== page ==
St. Macrina the Younger Born about 330; died 379. She was the eldest child of Basil the Elder and Emmelia, the granddaughter of St. Macrina the Elder, and the sister of the Cappadocian Fathers, Sts. Basil and Gregory of Nyssa. The last-mentioned has left us a biography of his sister in the form of a […]

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July 19 – Penitent Nobility

July 17, 2017

St. Arsenius Anchorite; born 354, at Rome; died 450, at Troe, in Egypt. Theodosius the Great having requested the Emperor Gratian and Pope Damasus to find him in the West a tutor for his son Arcadius, they made choice of Arsenius, a man well read in Greek literature, member of a noble Roman family, and […]

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July 19 – The knight who was afraid of water, but not afraid of martyrdom

July 17, 2017

Blessed Hroznata of Bohemia Founder of the Monasteries of Teplá and Chotěšov, born (c) 1170, died July 14, 1217. In the happy reign of Premysl, – also called Ottacar, – king of Bohemia, among the other magnates of the kingdom the first place at court, next to the king’s magnificence, was held by Hroznata, the […]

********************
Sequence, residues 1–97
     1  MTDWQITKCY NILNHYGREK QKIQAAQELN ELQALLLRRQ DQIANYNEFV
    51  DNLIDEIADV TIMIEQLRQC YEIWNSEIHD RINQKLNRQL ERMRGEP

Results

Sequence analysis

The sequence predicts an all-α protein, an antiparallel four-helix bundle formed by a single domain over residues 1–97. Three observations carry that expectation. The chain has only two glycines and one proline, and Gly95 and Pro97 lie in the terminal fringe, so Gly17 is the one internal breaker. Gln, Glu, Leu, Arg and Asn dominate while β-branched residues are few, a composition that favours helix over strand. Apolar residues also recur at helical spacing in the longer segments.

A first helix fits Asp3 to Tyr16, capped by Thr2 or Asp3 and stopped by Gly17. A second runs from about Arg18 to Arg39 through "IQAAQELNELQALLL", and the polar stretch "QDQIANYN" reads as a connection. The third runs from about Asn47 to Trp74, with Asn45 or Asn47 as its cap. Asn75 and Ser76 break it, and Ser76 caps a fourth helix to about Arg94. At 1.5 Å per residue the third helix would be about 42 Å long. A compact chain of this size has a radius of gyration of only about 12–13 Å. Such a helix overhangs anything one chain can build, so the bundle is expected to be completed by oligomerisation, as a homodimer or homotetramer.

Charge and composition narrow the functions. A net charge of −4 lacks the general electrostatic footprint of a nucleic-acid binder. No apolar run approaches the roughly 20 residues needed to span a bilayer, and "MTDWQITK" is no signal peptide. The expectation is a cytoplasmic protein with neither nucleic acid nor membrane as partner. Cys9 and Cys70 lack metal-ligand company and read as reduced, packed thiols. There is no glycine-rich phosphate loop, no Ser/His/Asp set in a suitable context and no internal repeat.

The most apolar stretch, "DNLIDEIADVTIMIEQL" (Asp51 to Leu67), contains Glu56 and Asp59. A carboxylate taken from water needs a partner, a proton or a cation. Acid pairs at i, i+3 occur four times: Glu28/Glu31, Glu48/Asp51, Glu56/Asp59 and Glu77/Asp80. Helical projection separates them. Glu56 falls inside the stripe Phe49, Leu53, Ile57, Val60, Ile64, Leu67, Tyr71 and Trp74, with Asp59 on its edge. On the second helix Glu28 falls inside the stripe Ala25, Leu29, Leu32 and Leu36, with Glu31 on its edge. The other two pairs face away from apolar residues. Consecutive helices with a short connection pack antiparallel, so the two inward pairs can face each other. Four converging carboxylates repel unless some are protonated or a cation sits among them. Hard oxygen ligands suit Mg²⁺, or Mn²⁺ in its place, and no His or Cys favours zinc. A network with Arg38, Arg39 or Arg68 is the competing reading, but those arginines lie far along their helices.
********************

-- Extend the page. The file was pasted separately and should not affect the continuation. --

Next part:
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July 20 – Carolingian Reformer

July 17, 2017

St. Ansegisus Born about 770, of noble parentage; died 20 July, 833, or 834. At the age of eighteen he entered the Benedictine monastery of Fontanelle (also called St. Vandrille after the name of its founder) in the diocese of Rouen. St. Girowald, a relative of Ansegisus, was then Abbot of Fontanelle. From the beginning […]

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Anger over Labour MPs’ address to anti-monarchy conference

July 13, 2017

According to The Voice: Shadow business minister Chi Onwurah and new MP for Kensington, Emma Dent Coad, are both set to address supporters at the Republic convention…in support of axing the monarchy. The group, who want to see the monarchy abolished and the Queen replaced…, will meet in Newcastle. Former Green party leader Natalie Bennett […]

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Luxembourg’s Grand Duke Henri commemorates 200 years of dynasty